Chapter XXVI. The Telephone Message

If Pratt had only known what was going on in the old quarries at Whitcliffe, about the very time that he was riding slowly out to Barford on his bicycle, he would not only have accelerated his pace, but would have taken good care to have chosen another route: he would also have made haste to exchange bicycle for railway train as quickly as possible, and to have got himself far away before anybody could begin looking for him in his usual haunts, or at places wherein there was a possibility of his being found. But Pratt knew nothing of what Byner had done. He was conscious of Byner's visit to the Green Man. He did not know what Pickard had been told by Bill Thomson. He was unaware of anything which Pickard had told to Byner. If he had known that Byner, guided by Pickard, had been to the old quarries, had fixed his inquiring eye on the shaft which was filled to its brim with water, and had got certain ideas from the mere sight of it, Pratt would have hastened to put hundreds of miles between himself and Barford as quickly as possible. But all that Pratt knew was that there was a possibility of suspicion--which might materialize eventually, but not immediately.

On the previous evening, Pratt--had he but known it--made a great mistake. Instead of going into Murgatroyd's shop after he had watched Byner and Prydale away from it--he should have followed those two astute and crafty persons, and have ascertained something of their movements. Had he done so, he would certainly not have troubled to return to Peel Row, nor to remain in Barford an hour longer than was absolutely necessary. For Pratt was sharp-witted enough when it came to a question of putting one and two together, and if he had tracked Prydale and the unknown man who was with him to a certain house whereto they repaired as soon as they quitted Murgatroyd's shop, he would have drawn an inference from the mere fact of their visit which would have thrown him into a cold sweat of fear. But Pratt, after all, was only one man, one brain, one body, and could not be in two places, nor go in two ways, at the same time. He took his own way--ignorant of his destruction.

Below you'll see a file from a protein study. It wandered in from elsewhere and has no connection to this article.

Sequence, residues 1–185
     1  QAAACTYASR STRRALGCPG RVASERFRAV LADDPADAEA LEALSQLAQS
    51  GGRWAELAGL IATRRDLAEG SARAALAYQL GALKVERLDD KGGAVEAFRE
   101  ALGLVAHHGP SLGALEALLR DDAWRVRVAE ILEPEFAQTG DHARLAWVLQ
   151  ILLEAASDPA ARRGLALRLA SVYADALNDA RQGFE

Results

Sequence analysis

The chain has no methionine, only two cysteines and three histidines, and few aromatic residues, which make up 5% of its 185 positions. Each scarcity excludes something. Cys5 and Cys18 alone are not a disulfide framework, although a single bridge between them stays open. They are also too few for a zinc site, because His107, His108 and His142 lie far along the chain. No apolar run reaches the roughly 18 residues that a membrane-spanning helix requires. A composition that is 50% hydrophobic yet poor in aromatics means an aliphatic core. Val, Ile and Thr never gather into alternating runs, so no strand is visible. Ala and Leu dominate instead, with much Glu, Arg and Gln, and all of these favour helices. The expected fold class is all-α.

Byner also took a way of his own. As soon as he and Prydale left Murgatroyd's shop, they chartered the first cab they met with, and ordered its driver to go to Whitcliffe Moor.

"It's the quickest thing to do--if my theory's correct," observed Byner, as they drove along, "Of course, it is all theory--mere theory! But I've grounds for it. The place--the time--mere lonely situation--that scrap iron lying about, which would be so useful in weighting a dead body!--I tell you, I shall be surprised if we don't find Parrawhite at the bottom of that water!"

"I shouldn't wonder," agreed Prydale. "One thing's very certain, as we shall prove before we're through with it--Pratt's put that poor devil Murgatroyd up to this passage-to-America business. And a bit clumsily, too--fancy Murgatroyd being no better posted up than to tell me that Parrawhite called on him at a certain hour that night!"

"But you've got to remember that Pratt didn't know of Parrawhite's affairs with Pickard, nor that he was at the Green Man at that hour," rejoined Byner. "My belief is that Pratt thinks himself safe--that he fancies he's provided for all contingencies. If things turn out as I think they will, I believe we shall find Pratt calmly seated at his desk tomorrow morning."

"Well--if things do turn out as you expect, we'll lose no time in seeking him there!" observed Prydale dryly. "We'd better arrange to get the job done first thing."

"This Mr. Shepherd'll make no objection, I suppose?" asked Byner,

"Objection! Lor' bless you--he'll love it!" exclaimed Prydale. "It'll be a bit of welcome diversion to a man like him that's naught to do. He'll object none, not be!"

Shepherd, a retired quarry-owner, who lived in a picturesque old stone house in the middle of Whitcliffe Moor, with nothing to occupy his attention but the growing of roses and vegetables, and an occasional glance at the local newspapers, listened to Prydale's request with gradually rising curiosity. Byner had at once seen that this call was welcome to this bluff and hearty Yorkshireman, who, without any question as to their business, had immediately welcomed them to his hearth and pressed liquor and cigars on them: he sized up Shepherd as a man to whom any sort of break in the placid course of retired life was a delightful event.

"A dead man i' that old shaft i' one o' my worked out quarries!" he exclaimed. "Ye don't mean to say so! An' how long d'yer think he might ha' been there, now, Prydale?"

"Some months, Mr. Shepherd," replied the detective.

"Why, then it's high time he were taken out," said Shepherd. "When might you be thinkin' o' doin' t' job, like?"

"As soon as possible," said Prydale. "Tomorrow morning, early, if that's convenient to you."

"I'll tell you what I'll do," observed the retired quarry-owner. "You leave t' job to me. I'll get two or three men first thing tomorrow morning, and we'll do it reight. You be up there by half-past eight o'clock, and we'll soon satisfy you as to whether there's owt i' t' shape of a dead man or not i' t' pit. You hev' grounds for believin' 'at theer is----what?"